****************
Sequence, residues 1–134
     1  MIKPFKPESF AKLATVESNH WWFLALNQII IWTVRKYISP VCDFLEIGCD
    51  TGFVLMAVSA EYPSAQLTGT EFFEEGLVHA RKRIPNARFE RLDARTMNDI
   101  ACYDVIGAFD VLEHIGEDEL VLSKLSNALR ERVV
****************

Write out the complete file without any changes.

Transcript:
Sequence, residues 1–134
     1  MIKPFKPESF AKLATVESNH WWFLALNQII IWTVRKYISP VCDFLEIGCD
    51  TGFVLMAVSA EYPSAQLTGT EFFEEGLVHA RKRIPNARFE RLDARTMNDI
   101  ACYDVIGAFD VLEHIGEDEL VLSKLSNALR ERVV